|Ecuador Table of Contents
The Constitution reserves to the state the sole right to exploit natural resources and to create and maintain the basic national economic infrastructure. The central government traditionally handled this responsibility through a decentralized approach to economic development. Over the decades, the government formed numerous autonomous or independent agencies in an ad hoc fashion to perform public services or develop natural resources. Some of these independent enterprises became large and powerful and functioned largely beyond government control or monitoring.
Mismanagement and inefficiencies characterized many independent agencies. PETROECUADOR, for example, the largest and perhaps most important state-owned enterprise, which was responsible for much of Ecuador's petroleum production and refining, was not required to pay dividends or to meet established performance standards. Because it had no control over oil-generated income, PETROECUADOR lacked the incentive to keep production costs down or to improve efficiency. The Ecuadorian Institute of Electrification (Instituto Ecuatoriano de Electrificación--Inecel), which was founded in 1961 under the auspices of the Ministry of Energy and Mines, was unable to coordinate its major departments, or to set the rates charged to electricity consumers. As a result, Inecel relied on the government to meet operating costs. The Ecuadorian Institute of Telecommunications (Instituto Ecuatoriano de Telecomunicaciones-- Ietel), established in 1972 and attached to the Ministry of Public Works and Communications, suffered from poor internal organization and weak financial management.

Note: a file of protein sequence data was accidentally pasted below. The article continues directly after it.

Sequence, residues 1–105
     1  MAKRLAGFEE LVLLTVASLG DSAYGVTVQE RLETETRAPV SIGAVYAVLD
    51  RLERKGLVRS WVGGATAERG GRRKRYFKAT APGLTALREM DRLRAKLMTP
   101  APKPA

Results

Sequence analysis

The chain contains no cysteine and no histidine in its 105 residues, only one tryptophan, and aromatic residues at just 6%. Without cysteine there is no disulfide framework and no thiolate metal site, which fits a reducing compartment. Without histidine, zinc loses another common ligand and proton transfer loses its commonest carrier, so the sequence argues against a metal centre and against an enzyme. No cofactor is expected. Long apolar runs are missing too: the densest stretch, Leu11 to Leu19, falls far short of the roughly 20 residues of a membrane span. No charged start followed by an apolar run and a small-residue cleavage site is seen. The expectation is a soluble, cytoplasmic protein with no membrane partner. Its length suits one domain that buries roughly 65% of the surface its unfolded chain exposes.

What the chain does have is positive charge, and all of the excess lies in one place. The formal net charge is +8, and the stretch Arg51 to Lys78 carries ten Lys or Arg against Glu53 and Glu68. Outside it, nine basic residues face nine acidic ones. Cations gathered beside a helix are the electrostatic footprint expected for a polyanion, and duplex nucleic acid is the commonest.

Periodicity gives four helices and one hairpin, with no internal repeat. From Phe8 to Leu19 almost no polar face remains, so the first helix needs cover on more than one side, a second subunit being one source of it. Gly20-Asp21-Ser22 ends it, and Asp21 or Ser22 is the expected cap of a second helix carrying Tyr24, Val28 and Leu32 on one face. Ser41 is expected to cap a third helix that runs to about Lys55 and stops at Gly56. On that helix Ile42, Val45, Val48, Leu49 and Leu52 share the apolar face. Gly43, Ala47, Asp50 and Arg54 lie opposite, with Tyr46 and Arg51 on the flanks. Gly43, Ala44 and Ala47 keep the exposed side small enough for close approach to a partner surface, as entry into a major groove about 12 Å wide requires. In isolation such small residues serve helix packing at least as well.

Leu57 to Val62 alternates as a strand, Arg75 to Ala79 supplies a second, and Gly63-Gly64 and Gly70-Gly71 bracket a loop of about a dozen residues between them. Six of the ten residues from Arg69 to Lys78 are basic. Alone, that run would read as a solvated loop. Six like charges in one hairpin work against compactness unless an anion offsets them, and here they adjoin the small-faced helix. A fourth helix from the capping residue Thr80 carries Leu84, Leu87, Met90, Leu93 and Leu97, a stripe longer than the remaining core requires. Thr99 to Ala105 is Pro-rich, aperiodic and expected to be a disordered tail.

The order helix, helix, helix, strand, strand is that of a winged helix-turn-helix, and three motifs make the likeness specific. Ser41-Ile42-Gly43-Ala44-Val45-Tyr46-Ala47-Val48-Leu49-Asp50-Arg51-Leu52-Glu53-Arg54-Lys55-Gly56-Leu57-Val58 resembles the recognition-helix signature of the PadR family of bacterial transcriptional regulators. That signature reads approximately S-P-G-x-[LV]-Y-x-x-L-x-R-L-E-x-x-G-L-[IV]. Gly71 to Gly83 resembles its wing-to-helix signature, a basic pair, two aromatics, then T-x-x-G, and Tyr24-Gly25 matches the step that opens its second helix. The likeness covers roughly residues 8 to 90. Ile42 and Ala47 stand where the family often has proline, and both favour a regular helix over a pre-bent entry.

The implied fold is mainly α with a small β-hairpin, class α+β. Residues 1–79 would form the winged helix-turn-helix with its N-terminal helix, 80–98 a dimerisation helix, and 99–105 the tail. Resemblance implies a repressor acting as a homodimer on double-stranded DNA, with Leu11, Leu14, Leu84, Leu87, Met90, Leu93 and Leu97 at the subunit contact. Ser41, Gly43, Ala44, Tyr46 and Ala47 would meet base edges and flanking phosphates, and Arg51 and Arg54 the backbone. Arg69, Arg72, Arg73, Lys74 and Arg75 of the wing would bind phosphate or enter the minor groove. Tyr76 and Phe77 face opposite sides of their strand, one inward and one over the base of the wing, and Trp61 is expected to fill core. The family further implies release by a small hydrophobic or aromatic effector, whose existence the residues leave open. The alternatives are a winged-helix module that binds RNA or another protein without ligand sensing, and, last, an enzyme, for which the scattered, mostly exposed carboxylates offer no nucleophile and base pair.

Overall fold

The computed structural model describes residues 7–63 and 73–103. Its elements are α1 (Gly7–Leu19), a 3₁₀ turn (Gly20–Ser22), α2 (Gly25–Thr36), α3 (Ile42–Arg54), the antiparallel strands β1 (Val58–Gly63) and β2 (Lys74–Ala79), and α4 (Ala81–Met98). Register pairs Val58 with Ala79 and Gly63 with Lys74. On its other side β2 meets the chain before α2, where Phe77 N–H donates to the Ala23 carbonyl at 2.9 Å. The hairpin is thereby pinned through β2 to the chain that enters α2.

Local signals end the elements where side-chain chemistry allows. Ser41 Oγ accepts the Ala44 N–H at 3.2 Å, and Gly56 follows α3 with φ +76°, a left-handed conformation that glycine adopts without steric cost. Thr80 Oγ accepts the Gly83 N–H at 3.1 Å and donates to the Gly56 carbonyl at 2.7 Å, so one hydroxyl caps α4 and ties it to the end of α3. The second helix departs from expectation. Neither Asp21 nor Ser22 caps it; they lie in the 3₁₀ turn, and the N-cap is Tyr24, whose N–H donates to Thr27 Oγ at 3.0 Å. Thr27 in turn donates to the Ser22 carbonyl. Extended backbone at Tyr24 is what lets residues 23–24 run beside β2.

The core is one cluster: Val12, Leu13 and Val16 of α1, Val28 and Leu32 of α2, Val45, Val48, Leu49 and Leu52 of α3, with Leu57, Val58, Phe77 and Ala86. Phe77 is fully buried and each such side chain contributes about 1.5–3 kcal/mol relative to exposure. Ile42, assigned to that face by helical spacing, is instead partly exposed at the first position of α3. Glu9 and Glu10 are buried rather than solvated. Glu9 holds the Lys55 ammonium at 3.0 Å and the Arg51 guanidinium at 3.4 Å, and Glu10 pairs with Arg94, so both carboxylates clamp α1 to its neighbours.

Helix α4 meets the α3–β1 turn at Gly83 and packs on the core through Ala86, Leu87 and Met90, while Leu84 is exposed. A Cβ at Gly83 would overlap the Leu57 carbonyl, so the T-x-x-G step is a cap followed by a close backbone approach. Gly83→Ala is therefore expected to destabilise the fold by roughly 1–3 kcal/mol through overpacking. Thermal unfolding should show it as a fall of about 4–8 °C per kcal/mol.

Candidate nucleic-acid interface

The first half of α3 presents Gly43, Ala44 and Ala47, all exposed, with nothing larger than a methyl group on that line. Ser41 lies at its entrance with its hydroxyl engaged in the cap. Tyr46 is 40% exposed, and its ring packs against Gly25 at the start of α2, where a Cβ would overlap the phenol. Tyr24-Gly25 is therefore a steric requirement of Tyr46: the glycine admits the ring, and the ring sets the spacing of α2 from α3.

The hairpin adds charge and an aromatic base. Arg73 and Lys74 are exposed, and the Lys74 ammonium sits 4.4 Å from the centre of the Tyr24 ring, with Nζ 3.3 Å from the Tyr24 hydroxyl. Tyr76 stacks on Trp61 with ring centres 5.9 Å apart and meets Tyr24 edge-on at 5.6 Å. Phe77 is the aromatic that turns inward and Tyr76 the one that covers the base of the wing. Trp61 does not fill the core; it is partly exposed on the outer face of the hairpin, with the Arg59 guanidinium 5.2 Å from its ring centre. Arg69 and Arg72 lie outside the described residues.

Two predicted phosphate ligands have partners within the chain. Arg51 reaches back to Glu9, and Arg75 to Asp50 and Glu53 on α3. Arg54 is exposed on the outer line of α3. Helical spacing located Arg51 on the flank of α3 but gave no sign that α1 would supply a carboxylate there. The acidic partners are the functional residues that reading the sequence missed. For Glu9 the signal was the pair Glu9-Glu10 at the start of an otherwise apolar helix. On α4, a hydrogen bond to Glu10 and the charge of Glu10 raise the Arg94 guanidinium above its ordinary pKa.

The government's highly bureaucratic and decentralized approach to economic development thus served as a disincentive to entrepreneurs, who were forced to battle an array of regulations controlling business and commerce. Cumbersome administrative procedures often resulted in protracted and costly delays in such fundamental activities as procurement, business registration, and trade transactions.
Source: U.S. Library of Congress